The episode moves on to another excellent sequence featuring the failed resurrection/execution of the Master involving a handful of his female disciples and Lucy. Meanwhile, the Doctor speeds across time and space, and arrives only to discover he’s too late. Is Lucy dead? Seemingly so, but she may yet return before all is said and done, yet the Master lives again. And while this is all going on, Wilf is trying to find the Doctor, and the Naismith’s have stumbled across some alien technology known as the Immortality Gate, and they need the Master to get it up and going. It’s around this point the episode slows down just a bit and imbibes in some of the silliness I’ve been speaking about. The Master is hungry – really hungry, and some sandwich vendors and a couple homeless guys end up victims of his insatiable appetite. Simm is hilariously disturbed in these sequences, as clearly something went wrong with his resurrection, and aside from being hungry, he’s got a cache of nifty, almost godlike powers, but the downside of it all is that he’s burning through his lifeforce rather quickly. In once scene, in order to summon the Doctor, he bangs four times against a barrel, but I think this may be a red herring, and not the four knocks we’ve been expecting, as this merely echoes the sound the Master hears in his head.
Wilf and the Doctor finally meet again, and the Doctor says to him something similar to what he once told Donna – about how they must be connected. There is indeed something strange about Wilf, and I’m wondering – just pure speculation here – what if Wilf was the Doctor’s father (only the knowledge is hidden from him with Chameleon Arch technology), and the woman in white – who appears only to Wilf throughout the episode – was the Doctor’s mother? I’ve no idea how this would impact Sylvia and Donna, and I’m probably wrong, but there’s definitely something deep and secretive going on here, and it’ll be fascinating to see how it all plays out. There are some lovely back to back scenes between Tennant and Cribbins and Tennant and Simm that really allow the episode to breathe, and give it an immense amount of character. Actually, the two scenes are broken up by more narration, and we finally see the face and shoulders of the narrator, who’s decked out in Time Lord robes.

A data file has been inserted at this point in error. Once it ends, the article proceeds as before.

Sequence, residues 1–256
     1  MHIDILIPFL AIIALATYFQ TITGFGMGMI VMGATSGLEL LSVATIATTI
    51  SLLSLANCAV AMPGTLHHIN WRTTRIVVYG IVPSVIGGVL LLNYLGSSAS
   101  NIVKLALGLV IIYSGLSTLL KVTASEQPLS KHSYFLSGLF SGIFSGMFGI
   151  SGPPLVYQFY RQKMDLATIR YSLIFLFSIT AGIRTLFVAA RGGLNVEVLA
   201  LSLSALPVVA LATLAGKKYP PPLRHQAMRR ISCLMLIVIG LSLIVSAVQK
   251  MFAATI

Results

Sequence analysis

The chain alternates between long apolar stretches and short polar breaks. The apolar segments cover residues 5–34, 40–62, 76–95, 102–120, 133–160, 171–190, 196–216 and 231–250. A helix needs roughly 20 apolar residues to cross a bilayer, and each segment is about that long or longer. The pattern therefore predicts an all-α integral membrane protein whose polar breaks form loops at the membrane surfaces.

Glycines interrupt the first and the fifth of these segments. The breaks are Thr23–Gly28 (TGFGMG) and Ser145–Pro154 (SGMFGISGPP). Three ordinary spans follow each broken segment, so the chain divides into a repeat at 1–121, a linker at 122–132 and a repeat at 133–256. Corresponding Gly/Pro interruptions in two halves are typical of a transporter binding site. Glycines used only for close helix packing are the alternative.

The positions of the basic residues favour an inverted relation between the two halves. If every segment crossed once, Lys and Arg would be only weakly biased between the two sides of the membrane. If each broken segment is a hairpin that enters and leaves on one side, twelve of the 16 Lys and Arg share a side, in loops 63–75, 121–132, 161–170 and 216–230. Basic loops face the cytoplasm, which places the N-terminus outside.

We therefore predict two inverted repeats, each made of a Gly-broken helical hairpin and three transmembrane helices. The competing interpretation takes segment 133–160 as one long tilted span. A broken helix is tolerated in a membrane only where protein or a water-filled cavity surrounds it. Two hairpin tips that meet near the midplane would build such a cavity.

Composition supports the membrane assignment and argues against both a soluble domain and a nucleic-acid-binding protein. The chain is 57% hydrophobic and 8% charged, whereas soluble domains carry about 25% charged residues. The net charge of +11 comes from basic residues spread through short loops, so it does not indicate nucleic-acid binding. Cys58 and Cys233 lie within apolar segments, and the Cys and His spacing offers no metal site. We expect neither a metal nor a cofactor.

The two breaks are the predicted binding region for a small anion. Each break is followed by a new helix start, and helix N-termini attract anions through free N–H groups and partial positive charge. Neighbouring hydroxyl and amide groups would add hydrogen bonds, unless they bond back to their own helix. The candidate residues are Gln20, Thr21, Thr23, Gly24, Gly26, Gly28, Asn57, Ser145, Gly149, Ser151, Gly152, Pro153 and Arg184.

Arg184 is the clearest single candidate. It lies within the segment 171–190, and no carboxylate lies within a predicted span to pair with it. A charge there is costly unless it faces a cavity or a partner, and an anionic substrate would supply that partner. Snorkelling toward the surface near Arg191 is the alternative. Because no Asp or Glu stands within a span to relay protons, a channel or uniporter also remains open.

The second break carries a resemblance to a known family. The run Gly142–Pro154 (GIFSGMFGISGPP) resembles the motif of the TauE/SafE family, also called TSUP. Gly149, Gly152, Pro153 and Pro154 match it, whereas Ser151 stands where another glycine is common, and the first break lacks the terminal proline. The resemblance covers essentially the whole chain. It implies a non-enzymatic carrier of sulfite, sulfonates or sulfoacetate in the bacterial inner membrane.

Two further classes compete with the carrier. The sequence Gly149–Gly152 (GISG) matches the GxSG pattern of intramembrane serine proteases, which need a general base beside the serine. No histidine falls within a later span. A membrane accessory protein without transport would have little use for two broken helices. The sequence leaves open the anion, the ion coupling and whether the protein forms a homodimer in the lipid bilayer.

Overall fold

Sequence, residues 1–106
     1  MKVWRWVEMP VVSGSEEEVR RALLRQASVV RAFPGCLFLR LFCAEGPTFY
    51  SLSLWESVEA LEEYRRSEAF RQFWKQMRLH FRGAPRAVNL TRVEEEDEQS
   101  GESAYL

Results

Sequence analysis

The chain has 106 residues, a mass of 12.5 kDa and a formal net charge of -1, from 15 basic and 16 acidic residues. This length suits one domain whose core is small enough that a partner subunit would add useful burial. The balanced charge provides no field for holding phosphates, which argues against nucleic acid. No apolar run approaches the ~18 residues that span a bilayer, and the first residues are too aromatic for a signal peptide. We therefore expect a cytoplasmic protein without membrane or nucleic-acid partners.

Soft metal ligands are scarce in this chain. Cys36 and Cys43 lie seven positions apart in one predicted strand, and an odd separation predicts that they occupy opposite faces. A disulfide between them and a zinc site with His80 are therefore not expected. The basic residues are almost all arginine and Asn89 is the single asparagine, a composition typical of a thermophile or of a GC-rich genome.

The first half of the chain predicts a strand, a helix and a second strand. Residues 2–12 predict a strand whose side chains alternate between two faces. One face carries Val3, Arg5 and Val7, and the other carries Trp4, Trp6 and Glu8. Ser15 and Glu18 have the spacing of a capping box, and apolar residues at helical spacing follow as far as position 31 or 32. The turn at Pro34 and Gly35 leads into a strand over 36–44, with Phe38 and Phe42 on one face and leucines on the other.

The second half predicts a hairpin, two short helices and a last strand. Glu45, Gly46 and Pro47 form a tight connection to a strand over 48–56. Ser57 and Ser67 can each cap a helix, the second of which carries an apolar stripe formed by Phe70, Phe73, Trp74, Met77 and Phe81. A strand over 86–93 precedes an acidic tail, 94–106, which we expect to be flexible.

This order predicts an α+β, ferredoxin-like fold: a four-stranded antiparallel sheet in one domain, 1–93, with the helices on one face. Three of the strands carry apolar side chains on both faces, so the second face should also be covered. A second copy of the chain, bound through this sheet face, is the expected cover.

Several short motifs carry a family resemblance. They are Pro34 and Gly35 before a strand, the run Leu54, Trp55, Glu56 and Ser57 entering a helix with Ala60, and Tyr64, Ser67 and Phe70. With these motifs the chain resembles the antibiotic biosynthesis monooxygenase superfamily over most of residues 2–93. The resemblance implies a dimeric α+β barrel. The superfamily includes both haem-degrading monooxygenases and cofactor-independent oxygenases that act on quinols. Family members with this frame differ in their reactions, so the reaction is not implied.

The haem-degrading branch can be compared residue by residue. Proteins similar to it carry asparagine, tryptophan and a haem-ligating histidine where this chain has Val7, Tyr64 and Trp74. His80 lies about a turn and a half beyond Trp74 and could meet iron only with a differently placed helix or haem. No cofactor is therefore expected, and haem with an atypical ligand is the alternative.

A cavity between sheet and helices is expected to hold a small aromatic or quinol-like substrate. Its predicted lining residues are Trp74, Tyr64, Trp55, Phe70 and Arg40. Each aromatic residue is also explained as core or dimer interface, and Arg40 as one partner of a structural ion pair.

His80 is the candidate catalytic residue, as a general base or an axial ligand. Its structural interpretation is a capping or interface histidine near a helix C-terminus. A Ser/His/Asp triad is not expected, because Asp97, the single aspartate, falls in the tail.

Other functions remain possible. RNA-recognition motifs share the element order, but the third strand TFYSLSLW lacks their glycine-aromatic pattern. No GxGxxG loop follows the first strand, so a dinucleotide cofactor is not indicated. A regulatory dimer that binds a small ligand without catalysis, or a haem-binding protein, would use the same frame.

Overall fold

The Master is kidnapped by Naismith and put to work on the Immortality Gate. Wilf and the Doctor infiltrate that facility, and discover two aliens – the Vinvocci – planning to steal the technology, which we also find out more about. The Immortality Gate has the power to heal entire planets, and it seems very reminiscent of the nanogene technology from Season One’s “The Empty Child” two-parter. The Master steps into the Gate, and sends his template all over the world, thus bringing an end to the human race, and bringing into existence “the Master Race,” which is warped, scary and funny all at the same time (but mostly just funny). And then, just to make sure things haven’t gotten too silly, Timothy Dalton’s Time Lord returns along with all the Time Lords of Gallifrey, resurrected, waiting for Part Two.
Like I said, a hard episode to write about since it mostly concerns questions rather than answers, but then again, that’s the whole point of an episode like this. The problem with me writing this up is that rather than sit around speculating for a week, I much prefer to just let the resolution take me wherever it’s going, lest I end up disappointed that expectations aren’t met. I didn’t even get around to mentioning Donna, but it seems obvious she’s going to be a much bigger player in the second half, as her memories returned to her in the final moments. If there’s one thing I specifically didn’t like about this episode it was the use of Barack Obama, which was totally unnecessary. I wonder what exactly got under Davies’ skin that made him want to do this? In the past, he’s used entirely fictitious political figures (the Queen notwithstanding) – why use Barack Obama and the recession in an episode that is so thoroughly grounded in fantasy? It really took me out of the fantastical world that is “Doctor Who” and brought me somewhere else. We saw the President of the United States killed by the Master at the end of Season Three, and it wasn’t George Bush. How exactly does Obama fit into the Whoniverse?
Next Week: The Time Lords, the Doctor’s regeneration (I can only assume) and ?.
Classic Who DVD Recommendation of the Week: “Arc of Infinity” starring Peter Davison and Colin Baker as Maxil, the head of the Time Lord police.